Infant car seat - photo:

Child Restraint Basics – The Best Way to Protect Children

What is the number one killer of children 1 to 12 years old in the United States? The correct answer is: car crashes.

The best way to protect children is to put them in the right seat, at the right time, and use it the right way.

What is the Right Car Seat?

The right car seat is one that fits your child and your vehicle, and is one you will use correctly every time you travel.

All 50 states and the District of Columbia have child restraint laws. The laws require children to travel in approved child restraint devices. The specifics vary by state, but the general child restraint basics and the common steps are:

  • Rear-facing infants seats

  • Forward-facing child safety seats.

  • Booster seats.

  • Seat belts.

Infants should use rear-facing infant seats. Toddlers should use forward-facing child safety seats. Older children should use booster seats until they properly fit a seat belt.

Infant Seats

All states require child safety seats for infants.

Always use rear-facing infant seats for infants. These types of seats are designed to be portable and are generally lighter in weight and easier to carry. They should be used according the car seat manufacturer’s directions and until the child reaches the top height or weight limit allowed for the seat.

Laws often require children less than 1 year and under 20 pounds to be in a rear-facing child seat.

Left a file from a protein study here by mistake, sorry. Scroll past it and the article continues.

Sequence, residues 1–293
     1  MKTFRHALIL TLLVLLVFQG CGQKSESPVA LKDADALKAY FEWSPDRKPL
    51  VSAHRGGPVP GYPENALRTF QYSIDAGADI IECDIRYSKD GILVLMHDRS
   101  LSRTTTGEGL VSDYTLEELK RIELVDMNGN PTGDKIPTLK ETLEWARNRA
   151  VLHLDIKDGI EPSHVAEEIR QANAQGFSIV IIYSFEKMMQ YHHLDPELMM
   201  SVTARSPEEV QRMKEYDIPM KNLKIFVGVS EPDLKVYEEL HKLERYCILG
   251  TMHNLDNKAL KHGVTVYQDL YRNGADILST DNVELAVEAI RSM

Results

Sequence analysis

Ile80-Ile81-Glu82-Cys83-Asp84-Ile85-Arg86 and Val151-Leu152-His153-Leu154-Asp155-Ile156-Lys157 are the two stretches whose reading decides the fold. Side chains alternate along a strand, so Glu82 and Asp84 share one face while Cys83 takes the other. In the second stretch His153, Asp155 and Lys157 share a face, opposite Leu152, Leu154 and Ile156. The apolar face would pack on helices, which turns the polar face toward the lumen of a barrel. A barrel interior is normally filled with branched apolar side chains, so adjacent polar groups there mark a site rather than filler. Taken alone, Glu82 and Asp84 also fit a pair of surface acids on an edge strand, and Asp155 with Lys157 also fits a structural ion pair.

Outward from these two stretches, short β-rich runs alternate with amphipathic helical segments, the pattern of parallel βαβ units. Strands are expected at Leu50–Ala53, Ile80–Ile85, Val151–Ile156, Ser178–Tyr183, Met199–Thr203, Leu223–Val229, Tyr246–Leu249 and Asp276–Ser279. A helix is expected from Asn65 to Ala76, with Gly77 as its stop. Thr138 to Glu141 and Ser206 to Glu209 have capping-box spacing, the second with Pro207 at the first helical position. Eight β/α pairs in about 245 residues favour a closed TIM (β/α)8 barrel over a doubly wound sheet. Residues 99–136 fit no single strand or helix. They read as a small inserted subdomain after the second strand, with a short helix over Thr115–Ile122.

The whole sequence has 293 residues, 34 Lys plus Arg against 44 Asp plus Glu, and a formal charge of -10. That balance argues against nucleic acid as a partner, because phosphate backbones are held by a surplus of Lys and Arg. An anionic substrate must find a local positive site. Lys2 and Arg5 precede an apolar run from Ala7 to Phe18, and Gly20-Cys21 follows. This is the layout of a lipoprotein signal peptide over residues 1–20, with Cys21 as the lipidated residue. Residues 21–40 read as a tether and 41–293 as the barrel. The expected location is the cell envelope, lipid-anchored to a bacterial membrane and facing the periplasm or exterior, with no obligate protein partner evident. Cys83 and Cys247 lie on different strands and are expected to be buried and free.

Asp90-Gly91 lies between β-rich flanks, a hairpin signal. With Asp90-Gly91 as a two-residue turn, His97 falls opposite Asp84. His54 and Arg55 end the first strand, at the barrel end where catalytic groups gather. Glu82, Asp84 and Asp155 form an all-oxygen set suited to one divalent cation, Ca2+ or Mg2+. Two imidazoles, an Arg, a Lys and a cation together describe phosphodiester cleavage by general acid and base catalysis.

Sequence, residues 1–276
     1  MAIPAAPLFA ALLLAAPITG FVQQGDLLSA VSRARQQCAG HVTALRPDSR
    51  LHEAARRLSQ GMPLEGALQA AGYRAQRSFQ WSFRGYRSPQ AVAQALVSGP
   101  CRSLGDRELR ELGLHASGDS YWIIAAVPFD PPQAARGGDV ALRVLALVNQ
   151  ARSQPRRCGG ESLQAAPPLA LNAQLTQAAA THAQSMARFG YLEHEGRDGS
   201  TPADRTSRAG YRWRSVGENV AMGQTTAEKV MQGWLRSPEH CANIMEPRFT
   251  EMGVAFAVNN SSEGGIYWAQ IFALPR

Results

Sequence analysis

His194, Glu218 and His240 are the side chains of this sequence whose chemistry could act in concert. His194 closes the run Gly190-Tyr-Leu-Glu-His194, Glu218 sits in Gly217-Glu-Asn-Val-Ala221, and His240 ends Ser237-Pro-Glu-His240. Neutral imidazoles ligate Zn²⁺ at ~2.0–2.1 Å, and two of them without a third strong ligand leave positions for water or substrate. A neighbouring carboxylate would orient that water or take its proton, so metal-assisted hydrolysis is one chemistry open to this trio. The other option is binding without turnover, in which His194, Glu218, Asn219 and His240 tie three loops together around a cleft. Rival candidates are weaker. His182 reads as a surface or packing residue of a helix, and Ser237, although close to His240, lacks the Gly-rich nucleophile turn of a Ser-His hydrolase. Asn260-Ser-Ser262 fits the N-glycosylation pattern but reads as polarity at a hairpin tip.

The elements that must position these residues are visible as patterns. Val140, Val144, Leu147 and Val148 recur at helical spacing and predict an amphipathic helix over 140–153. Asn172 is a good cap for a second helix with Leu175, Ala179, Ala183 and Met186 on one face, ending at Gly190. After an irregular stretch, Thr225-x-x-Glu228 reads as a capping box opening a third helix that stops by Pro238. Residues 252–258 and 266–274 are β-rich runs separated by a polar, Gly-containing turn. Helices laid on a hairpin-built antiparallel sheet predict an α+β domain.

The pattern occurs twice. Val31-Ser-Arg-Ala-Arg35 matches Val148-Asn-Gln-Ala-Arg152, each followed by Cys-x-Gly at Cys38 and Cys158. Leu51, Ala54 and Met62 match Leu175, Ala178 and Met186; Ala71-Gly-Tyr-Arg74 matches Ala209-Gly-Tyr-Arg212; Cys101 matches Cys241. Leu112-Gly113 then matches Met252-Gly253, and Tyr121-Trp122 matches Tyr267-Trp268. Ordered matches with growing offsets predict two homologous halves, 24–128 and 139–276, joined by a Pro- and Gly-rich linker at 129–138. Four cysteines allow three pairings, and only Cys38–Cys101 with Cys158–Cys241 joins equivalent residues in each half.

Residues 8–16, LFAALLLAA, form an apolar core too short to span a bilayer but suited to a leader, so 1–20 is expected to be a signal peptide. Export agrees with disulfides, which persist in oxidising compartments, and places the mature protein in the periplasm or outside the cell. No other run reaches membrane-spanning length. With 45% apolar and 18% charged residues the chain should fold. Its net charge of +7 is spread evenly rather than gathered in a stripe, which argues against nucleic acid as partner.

Forward-facing Car Seats

Once a child outgrows the rear-facing car seat, it is ready to travel in a forward-facing car seat with a harness. Children in this group are typically four to seven years old.

Booster Seats

When outgrowing the forward-facing car seat with a harness, it is time to travel in a booster seat. Booster seats are recommended for children until they are big enough to properly use a seat belt.

48 states and the District of Columbia require booster seats or other appropriate devices for children who have outgrown their child safety seats but are still too small to use an adult seat belt safely. The only states lacking booster seat laws at this time are Florida and South Dakota.

Children Should Ride in the Back Seat

Many state laws require all children to ride in the back seat whenever possible. This is also a typical question on your written knowledge test.

Generally, you should keep a child in the back seat at least through age 12.